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Lethbridge Herald Newspaper Archives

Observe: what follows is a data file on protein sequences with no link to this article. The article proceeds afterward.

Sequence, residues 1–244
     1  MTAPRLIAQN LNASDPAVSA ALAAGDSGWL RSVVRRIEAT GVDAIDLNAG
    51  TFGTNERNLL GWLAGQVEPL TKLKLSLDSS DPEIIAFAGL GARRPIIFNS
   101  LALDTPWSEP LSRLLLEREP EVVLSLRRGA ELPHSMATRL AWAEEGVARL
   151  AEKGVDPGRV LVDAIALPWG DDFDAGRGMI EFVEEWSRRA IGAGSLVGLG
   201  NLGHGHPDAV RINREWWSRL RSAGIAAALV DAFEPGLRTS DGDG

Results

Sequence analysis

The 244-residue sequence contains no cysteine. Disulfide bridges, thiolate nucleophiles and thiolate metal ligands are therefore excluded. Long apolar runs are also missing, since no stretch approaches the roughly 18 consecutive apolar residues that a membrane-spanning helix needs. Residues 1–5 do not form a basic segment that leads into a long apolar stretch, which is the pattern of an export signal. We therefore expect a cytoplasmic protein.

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Lethbridge Herald (Newspaper) - March 29, 1971, Lethbridge, Alberta 12 - THI IETHBRIDOI HIRAID - Monday, Marth 29, 1971 Diabetes advance coming GENEVA (CP) - Dr. Charles Best of Toronto, who collaborated with Dr. Frederick Banting in the discovery of insulin, says "we can all look forward to some great breakthrough" in the methods of detecting diabetes. A major advance would come about "when we are finally able to know exactly how insulin acts," Best said in an interview with a magazine published by the Geneva-based World Health Organization. Best and the late Dr. Banting, working in a Toronto laboratory, isolated insulin late in 1921. In January of the next year they used it successfully in the treatment of diabetics. Now 72, Best told the publication World Health that "on the clinical side there remains a major gap" in the fight against diabetes. "In spite of knowing a great many things about diabetes, no one yet knows the real cause of the disease. "If the mechanism of the action of insulin could be completely elucidated and if we could find the exact cause of diabetes, that would represent two major breakthroughs." Best emphasized the need for quick detection of the disease. Spokesman denies arms sales report LONDON (CP) - The British foreign office said today a published report that Britain is ready to consider authorizing arms sales to South Africa is not true. The spokseman told reporters at a daily news conference: -The British government has made no commitment to consider applications for the export of radar and arms and equipment for maritime defence. -The South African government has made no new requests for any weapons beyond a number of Wasp anti-submarine helicopters which the British have undertaken to supply under the terms of the 1955 Simonstown agreement for the defence of the Cape of Good Hope sea lanes. The report that Britain is ready to consider issuing export licences for arms to South Africa was front-paged in The Times whose assistant editor, Louis Heren, said in part: "With some exceptions, licences will be available only for replacement orders. This is understood to mean the government will be prepared to license the sale of naval ships and possibly bucaneer reconnaissance aircraft." Many countries have been critical of British policy towards the white-minority, apartheid-practising S'outh African regime. Cemetery \ short of space HELENA, Mont.. (AP)- The Caster Battlefield National Cemetery near Hardin in south eastern Montana is running out of grave sites, says an American Legion official. "Montana war veterans who are planning to be buried in the Custer Battlefield National Cemetery may not be able to have a final resting there after January, 1973, if provisions are not made immediately to enlarge the present cemetery area," said Larry McCom-as of Lodge Grass, state chairman of the American Legion national cemetery committee. He said there are fewer than 250 available burial spaces left in the cemetery for veterans, with the annual rate of burial averaging 140. It will take about three years to have additional space made available, McComas said, after a government appropriation is filed. Any eligible veteran can be buried in the cemetery and many burials are for veterans from Wyoming, North Dakota and South Dakota, he said. POPULATION UP EDMONTON (CP) - There were an estimated 3.2 million cattle and calves on Alberta farms at Dec. 1, 1970, up from the million on the same date in 1969, says the provincial agriculture department. Thirteen Medals showing the Goats of Arms of Canada, her Provinces and Territories.The reverse side of each Medal shows the appropriate Floral Emblem. , Start your collection now NEWFOUNDLAND. Entered Confederation in 1949. Arms: White Cross of St. George quartering a red field. In two quarters are golden crowned lions. In the other two, silver unicorns. Floral Emblem: Pitcher Plant. i PRINCE EDWARD ISLAND. Entered Confederation in 1873. Arms: Golden lion above a green island with an oak and three oak saplings. Floral Emblem: Lady's Slipper. NOVA SCOTIA. Entered Confederation in 1867. Arms: Cross of St. Andrew centred with the Royal Arms of Scotland. Floral Emblem: Mayflower. NEW BRUNSWICK. Entered Confederation in 1867. Arms: Ancient galley, with oars in action, below a golden lion with one paw raised. Floral Emblem: Purple Violet. QUEBEC: Entered Confederation in 1867. Arms: 3 fleurs-de-lis in upper third of shield. Golden lion in centre. Sprig of 3 maple leaves in bottom third. Floral Emblem: White Garden (Madonna) Lily. ONTARIO. Entered Confederation in 1867. Arms: three maple leaves on a single stem, below a Cross of St. George. Floral Emblem:_ White Trillium. MANITOBA: Entered Confederation 101 years ago in 1870. Arms: Buffalo surmounted by Cross of St. George. Floral Emblem: Prairie Crocus. SASKATCHEWAN. Entered Confederation in 1905. Arms: Three golden sheaves of wheat below a red lion. Floral Emblem: Prairie Lily. ALBERTA. Entered Confederation in 1905. Arms: Red Cross of St. George above foothills and a range of mountains. At base, a field of wheat. Floral Emblem: Wild Rose. rBRITISH COLUMBIA. Entered Confederation 100 years ago in 1871. Arms: Union Jack, centred with a golden crown, above a half sun setting over a field of wavy bars. Floral Emblem: Pacific Dogwood. NORTHWEST TERRITORIES. Arms: A wavy blue line (the Northwest Passage) on a field of white. Below, a divided shield showing gold billets and a fox's mask. Floral Emblem: Mountain Avens. YUKON TERRITORY. Arms: Cross of St. George, centred with symbol for fur. Below, a blue line (Yukon River) and two mountains with gold discs (mineral resources). Floral Emblem: Fireweed. , Actual size oimedah,Vl*" diameter. Not legal tender. A new series of Medals for you to collect and keep. Presented by local Shell dealers. HOW TO COLLECT. Each time you make a gasoline purchase of $3 or more, from any participating Shell dealer, you will receive a free Medal. BONUS: FREE COLLECTING CARD. Sturdy Card has die-cut holes, one for each Medal in the series. Use it to keep them in as you collect them. GLITTERING GOLDEN METAL.These beautiful Medals are struck from solid brass, with Arms and Flora! Emblems reproduced in fascinating detail. Together, they make a series of unusual interest and value. LOOK FOR THE SPECIAL "MEDALS" SIGN. It identifies the Shell dealer in your area who is making this offer. Stop at his station soon... and start your collection of "Coats of Arms of Canada" Medals nowl Shell Canada Limited t ;